Saturday, October 24, 2020

Settlers storm Al-Aqsa mosque on Israeli Independence Day

By J.J. Rhies - May 10, 2019
Section: [Main News]
Tags: [al-Aqsa] [Settlers]


More than 100 Israeli settlers stormed the Al-Aqsa mosque compound on May 9, accompanied by Israeli police, local media reported.


May 9 marks Israeli Independence Day, which is less than one week before the annual Palestinian day of the Nakba, or Catastrophe, commemorating the expulsion of thousands of Palestinians from their homes during the 1948 establishment of Israel.


The Jerusalem Islamic Waqf, which is a coordinator of Al-Aqsa, said 137 settlers marched in several groups on the mosque grounds, which is the third holiest site in Islam. Some Jewish rabbis appeared to be leading tours and explaining the history of the site, which Jews refer to as Temple Mount, according to Quds News.


On the evening of May 8, Israeli police cancelled a settler event at Al-Aqsa in a historic first, Quds News added.


That same evening, however, Israeli security personnel attacked Palestinian worshippers who had been praying at the mosque.


Middle East Monitor published video footage of scores of Palestinians fleeing the scene, near Damascus Gate, as Israeli forces fired tear gas and sound grenades into the crowd.


No casualties have been reported.


On Friday, several thousand Palestinian worshippers will go to Al-Aqsa for evening prayers for the first Friday of the holy month of Ramadan.


Palestinian and other Muslim worshippers are routinely subject to violence at Al-Aqsa, and settlers regularly storm the grounds under the protection of Israeli police.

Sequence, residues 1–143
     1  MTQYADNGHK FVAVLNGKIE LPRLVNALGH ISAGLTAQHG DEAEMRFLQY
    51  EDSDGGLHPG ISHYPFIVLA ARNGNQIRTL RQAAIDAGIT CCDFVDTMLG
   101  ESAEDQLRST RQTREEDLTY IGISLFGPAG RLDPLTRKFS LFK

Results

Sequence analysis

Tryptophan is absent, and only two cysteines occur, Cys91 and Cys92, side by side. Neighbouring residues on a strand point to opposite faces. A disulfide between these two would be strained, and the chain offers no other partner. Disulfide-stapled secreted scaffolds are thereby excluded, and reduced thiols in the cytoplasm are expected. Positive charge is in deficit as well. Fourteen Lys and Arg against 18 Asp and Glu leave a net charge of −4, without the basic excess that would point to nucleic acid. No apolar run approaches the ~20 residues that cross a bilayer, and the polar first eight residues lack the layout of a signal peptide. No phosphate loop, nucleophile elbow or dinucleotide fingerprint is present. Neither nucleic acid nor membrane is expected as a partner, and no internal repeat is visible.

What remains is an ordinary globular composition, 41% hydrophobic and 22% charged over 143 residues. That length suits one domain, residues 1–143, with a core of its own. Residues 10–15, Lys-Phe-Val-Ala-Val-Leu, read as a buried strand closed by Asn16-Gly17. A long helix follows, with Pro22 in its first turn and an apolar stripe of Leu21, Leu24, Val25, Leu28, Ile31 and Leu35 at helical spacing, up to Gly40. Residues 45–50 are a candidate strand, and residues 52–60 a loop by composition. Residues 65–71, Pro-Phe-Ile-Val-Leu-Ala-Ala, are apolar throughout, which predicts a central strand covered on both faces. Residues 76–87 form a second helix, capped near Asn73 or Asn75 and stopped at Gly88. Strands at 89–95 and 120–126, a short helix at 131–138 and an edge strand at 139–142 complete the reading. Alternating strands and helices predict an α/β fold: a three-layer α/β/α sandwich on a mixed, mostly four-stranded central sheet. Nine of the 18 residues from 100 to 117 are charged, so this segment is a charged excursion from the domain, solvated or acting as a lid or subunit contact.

Last month, during the Jewish holiday of Passover, or Pesach, hundreds of settlers overtook the holy site.


Sheikh Azzam Al-Khatib, general director of the Jerusalem Endowment and Al-Aqsa Mosque Affairs Department, told Jordan News Agency the settlers were there to celebrate Passover, an eight-day Jewish holiday commemorating the liberation of enslaved Jews in Egypt.


A 1967 agreement between Israel and Jordan, which is the custodian of the compound, allows Israelis to visit Al-Aqsa. Non-Muslim worship there is strictly forbidden, however.


Ma’an News reported at the time that eyewitnesses saw Israeli settlers praying on the site.


The Bab al-Rahmeh gate of Al-Aqsa was first closed by Israeli authorities in 2003 after claims were made that the site was being used by an organisation with ties to Hamas.


The entrance has seen a spate of openings and closures since then, but Palestinian and other Muslim worshippers have never agreed to stop praying at the site. They say that Israel has no power over the holy grounds.


Metal detectors, turnstiles and CCTV cameras were installed at the compound in July 2017 after Palestinian gunmen killed two Israeli Al-Aqsa guards.


The installation drew criticism from religious officials and Palestinian government authorities, saying it constituted an attempt by Israel to increase its control over the holy grounds.


The surveillance measures were fully removed two months later.

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